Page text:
CMA celebrations start 2 days before main event
'Good Morning America,' free concerts among advance offerings
By CINDY WATTS
Nashville is putting its party hat on a little early in anticipation of country music's biggest night.
The 41st annual CMA awards show is scheduled for
7 p.m. Wednesday at Sommet Center and will be broadcast live on ABC. In anticipation, Nashville Celebrates Country — three days of country music events leading up to the awards — kicks off today. There will be free concerts by Phil Vassar and Emerson Drive, personal appearances by Vince Gill, Barbara Mandrell and Ronnie McDowell, a top-notch songwriter's night, showcases and a live television broadcast featuring Big & Rich from downtown Nashville during Good Morning America on Wednesday.
The Country Music Association started hosting extra events during the CMA Awards' brief sojourn to New York City in 2005. When the ceremony returned to Music City, the association decided to make the week a tradition.
"The week of activities was very successful," said Scott Stem, director of media relations at the Country Music Association. "When we returned to Nashville in 2006, the City of Nashville asked that we move the CMA Awards downtown." The awards were formerly held at the Grand Ole Opry House. "By moving, the awards (show) was now located in the heart of the Nashville entertainment district, and it opened up many possibilities, including creating events for all to enjoy around the awards in Nashville."
Concert clicks at City Hall
This year Stem predicts highlights will include the "Music on the Horizon" concert, which takes place tonight at City Hall and will showcase rising artists such as Jennifer Hanson, Lady Antebellum, Chuck Wicks and Crossin Dixon. Stem also said Tuesday's free Chevy Music Tour concert with Phil Vassar and Emerson Drive is sure to be a memorable evening.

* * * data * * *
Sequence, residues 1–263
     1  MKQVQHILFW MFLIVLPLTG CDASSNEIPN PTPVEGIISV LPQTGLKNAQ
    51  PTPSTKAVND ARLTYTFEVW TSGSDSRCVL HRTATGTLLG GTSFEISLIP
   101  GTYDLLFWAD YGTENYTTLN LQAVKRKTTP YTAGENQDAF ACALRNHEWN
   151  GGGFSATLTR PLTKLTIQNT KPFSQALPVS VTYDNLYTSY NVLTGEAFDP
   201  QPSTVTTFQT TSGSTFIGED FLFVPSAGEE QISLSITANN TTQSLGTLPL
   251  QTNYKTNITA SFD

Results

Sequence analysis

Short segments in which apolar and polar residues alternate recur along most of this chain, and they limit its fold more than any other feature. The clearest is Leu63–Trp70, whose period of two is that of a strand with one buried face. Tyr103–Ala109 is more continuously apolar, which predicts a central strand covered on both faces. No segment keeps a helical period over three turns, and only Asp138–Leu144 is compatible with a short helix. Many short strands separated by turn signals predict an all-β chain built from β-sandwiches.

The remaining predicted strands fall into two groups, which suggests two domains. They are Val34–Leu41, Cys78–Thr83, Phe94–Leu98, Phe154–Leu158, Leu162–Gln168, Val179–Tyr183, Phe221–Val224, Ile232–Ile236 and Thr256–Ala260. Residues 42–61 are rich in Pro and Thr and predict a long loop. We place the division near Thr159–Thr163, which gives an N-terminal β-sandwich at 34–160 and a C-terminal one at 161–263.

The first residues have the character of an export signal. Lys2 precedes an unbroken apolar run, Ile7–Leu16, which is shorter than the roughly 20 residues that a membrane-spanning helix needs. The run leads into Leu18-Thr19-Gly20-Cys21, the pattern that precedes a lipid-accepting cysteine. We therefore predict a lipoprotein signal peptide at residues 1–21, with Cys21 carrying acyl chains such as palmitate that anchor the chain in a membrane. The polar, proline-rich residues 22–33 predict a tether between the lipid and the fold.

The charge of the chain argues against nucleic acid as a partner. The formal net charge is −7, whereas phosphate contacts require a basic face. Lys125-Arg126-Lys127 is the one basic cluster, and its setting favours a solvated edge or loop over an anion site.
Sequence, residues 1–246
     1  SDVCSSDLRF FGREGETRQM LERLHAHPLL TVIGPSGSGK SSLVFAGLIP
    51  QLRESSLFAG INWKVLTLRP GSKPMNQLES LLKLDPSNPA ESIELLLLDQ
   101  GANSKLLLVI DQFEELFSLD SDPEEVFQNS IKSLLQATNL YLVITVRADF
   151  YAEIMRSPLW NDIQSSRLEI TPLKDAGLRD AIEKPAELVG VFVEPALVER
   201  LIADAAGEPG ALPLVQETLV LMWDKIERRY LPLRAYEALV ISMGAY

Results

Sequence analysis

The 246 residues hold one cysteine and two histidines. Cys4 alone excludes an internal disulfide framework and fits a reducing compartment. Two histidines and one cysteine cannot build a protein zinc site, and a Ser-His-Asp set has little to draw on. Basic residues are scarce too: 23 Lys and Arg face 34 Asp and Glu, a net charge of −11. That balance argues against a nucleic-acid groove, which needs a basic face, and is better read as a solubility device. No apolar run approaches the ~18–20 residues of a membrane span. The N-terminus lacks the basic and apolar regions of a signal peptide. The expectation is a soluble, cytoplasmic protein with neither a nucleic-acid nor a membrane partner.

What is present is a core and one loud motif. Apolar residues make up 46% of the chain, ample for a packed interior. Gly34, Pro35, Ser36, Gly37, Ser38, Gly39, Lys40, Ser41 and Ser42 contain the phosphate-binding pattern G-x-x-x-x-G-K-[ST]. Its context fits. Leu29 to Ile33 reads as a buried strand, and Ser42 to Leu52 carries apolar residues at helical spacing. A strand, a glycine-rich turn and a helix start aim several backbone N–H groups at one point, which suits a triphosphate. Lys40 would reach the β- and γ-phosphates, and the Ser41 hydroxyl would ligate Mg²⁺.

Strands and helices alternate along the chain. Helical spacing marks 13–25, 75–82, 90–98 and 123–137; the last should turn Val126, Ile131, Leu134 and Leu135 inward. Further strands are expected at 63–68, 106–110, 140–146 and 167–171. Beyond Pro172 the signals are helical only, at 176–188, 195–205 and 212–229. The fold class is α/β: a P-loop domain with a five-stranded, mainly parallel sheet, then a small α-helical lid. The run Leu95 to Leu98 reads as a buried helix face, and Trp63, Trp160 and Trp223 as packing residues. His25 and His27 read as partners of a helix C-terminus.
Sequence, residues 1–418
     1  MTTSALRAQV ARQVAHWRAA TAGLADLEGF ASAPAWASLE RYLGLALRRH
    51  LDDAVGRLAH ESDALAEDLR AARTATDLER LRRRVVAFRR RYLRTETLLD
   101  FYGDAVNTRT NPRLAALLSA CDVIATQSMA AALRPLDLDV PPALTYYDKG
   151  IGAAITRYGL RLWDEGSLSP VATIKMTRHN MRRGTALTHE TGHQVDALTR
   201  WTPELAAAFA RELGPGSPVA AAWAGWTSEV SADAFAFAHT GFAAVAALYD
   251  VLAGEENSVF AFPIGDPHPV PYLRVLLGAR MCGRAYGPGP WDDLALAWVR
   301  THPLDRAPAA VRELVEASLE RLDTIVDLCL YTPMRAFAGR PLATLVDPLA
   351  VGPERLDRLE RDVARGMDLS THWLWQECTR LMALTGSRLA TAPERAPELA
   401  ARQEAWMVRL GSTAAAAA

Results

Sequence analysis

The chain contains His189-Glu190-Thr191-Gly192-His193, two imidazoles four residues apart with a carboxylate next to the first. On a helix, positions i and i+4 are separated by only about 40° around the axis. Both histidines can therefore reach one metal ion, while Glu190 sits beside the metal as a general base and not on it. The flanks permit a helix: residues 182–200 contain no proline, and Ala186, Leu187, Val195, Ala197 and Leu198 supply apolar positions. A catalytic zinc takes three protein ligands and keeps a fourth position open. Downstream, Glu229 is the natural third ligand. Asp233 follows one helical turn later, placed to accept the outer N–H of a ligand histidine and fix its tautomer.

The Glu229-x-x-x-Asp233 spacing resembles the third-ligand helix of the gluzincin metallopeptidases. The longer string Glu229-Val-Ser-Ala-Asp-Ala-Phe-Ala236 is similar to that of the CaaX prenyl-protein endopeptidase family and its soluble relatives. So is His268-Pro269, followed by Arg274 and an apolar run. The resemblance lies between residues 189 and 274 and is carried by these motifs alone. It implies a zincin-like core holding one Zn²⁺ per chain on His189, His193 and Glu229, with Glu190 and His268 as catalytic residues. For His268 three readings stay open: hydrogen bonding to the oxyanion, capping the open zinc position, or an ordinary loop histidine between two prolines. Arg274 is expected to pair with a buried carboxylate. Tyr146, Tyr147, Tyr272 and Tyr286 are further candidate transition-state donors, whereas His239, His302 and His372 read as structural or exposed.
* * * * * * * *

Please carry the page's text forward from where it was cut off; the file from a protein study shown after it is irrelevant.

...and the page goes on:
Vassar said he's looking forward to the performance. He plans to play his new single, "Love Is a Beautiful Thing," as well as hit songs such as "Carlene" and "Last Day of My Life."
"I get to play in town," he said. "It's rare, and there's so many people in Nashville from out of town. There's just so much energy, and I'll play whatever they want. I'll play until they tell me stop."
Stem underscored the importance of Good Morning America's involvement in 2007's Nashville Celebrates Country festivities.
"Having GMA spotlight the CMA Awards is basically saying, 'Hey, viewers, this is something we find important and we think you will as well,' " he said. "It's great for the CMA Awards, it's great for country music and it's great for Nashville. Having live national television focus on such a positive event happening in our city invites tourism and business growth for Nashville, in addition to stirring up excitement for the awards."
And Stem said country music fans should take advantage of the events while they have the chance because there's no guarantee the opportunities will be back on an annual basis.
"It always depends on schedules," he said. "But, it is something we enjoy doing and it helps build excitement for the awards."